Guest Author - Connie Krochmal
As we enter this new decade much of the country is in a deep freeze. As floral designers we can greet this season in various ways. One approach is to largely ignore winter all together and go on using the same colors and floral materials as we usually do. In my case, this seems like denial and doesn’t
work. I prefer to acknowledge the presence of winter for I feel this helps me to cope with the discomforts and inconveniences of the season. This seems to be a more authentic approach.
I like to use seasonal colors, and whenever possible seasonal florals. For me, this means using a lot of blue, white, and silver. The white reflects the snow and ice of which we’re surely getting our share here in western North Carolina. The blue comes from the color of the sky on a bright, clear, sunny winter day.
I use these color choices throughout my designs in my choice of containers, bows and ribbons, and flowers. These colors can also be reflected in the motifs used on the containers and the ribbons.
As much as I dislike snow, I find that snowflake motifs have their own special appeal. I use these on vases by making snowflake cutouts or stenciling them onto the containers.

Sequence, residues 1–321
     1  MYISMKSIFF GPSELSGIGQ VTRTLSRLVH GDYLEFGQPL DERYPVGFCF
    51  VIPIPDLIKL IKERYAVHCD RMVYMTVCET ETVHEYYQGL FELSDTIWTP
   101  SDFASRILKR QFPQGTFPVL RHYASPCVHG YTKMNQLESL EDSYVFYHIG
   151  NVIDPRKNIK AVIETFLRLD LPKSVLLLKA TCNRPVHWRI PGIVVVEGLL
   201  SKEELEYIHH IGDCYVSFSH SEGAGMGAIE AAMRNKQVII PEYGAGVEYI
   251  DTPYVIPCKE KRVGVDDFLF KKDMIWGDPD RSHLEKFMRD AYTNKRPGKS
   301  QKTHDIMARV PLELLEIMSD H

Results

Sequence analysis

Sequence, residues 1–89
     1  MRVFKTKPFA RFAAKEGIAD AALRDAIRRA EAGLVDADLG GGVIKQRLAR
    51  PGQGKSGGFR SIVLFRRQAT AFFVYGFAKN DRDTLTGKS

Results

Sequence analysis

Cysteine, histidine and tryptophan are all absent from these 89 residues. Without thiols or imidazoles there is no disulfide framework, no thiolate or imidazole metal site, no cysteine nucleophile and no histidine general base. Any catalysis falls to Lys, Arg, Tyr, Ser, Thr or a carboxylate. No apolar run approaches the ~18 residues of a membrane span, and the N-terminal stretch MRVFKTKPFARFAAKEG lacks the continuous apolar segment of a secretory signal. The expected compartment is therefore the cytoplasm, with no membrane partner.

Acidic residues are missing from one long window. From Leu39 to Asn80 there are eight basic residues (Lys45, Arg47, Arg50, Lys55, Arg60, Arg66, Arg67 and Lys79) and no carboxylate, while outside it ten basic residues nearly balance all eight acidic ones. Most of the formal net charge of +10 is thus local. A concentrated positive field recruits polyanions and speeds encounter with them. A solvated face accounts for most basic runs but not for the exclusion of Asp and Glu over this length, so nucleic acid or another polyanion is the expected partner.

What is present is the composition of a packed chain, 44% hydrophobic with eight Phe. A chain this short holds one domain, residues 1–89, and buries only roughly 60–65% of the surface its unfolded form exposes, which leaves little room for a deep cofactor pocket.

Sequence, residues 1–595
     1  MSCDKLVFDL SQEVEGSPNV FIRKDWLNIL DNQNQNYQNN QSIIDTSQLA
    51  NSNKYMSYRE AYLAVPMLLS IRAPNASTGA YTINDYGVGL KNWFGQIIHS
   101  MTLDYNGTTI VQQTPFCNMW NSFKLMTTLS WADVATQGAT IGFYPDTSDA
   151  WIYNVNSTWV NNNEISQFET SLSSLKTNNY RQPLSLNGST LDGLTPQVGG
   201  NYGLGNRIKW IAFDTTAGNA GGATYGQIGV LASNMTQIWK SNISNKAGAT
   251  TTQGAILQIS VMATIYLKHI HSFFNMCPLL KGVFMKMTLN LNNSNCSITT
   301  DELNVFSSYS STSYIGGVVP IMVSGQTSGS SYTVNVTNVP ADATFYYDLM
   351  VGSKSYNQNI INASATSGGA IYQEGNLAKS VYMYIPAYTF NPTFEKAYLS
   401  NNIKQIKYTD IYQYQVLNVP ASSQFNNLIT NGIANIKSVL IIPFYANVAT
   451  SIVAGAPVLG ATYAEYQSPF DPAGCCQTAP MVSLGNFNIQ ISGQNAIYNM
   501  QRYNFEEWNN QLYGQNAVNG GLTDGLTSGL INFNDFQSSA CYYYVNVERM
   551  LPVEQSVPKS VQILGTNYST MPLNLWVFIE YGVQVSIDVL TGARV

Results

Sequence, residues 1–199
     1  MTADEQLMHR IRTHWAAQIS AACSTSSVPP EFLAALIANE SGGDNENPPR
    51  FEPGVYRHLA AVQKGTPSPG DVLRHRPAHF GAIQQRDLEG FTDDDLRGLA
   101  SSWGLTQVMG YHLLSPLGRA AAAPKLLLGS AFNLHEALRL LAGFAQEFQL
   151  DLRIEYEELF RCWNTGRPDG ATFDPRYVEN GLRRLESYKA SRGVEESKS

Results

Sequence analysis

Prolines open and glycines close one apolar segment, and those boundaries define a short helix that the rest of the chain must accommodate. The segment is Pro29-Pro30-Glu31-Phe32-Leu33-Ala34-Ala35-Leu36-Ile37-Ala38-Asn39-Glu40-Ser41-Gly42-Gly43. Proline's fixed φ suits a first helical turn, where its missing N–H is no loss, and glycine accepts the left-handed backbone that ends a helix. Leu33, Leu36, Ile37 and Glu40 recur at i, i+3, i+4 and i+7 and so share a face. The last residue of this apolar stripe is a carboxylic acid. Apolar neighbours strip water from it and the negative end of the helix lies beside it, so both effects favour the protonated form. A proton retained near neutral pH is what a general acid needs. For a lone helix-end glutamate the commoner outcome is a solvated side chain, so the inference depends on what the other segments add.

After Christmas I went to the craft stores and bought blue and white snowflake ribbon at 70% off. I can use this in January and February. The vases can also be wrapped with snowflake decorated fabrics and paper.
Glitter can also be used during the winter season. This sparkles and adds a luminous touch to floral arrangements. It can be used for dusting pine cones, foliage, and greenery.
For a winter party, decorate the table with blue table runners. Top this with small vases filled with white flowers. Create blue and white everlasting wreaths. Use a grapevine wreath as a base. Select blue and white dried flowers, and add these to the wreath form. Then, wrap blue or white ribbons around the wreath, tying the ends into a bow.
Fill wall pouches with white or blue everlastings. Stencil metal pouches with snowflakes or touches of blue.
All winter floral designs need not be blue and white. Use some warm colors as well. These are energizing. Topiaries made with dried red flowers would work very well.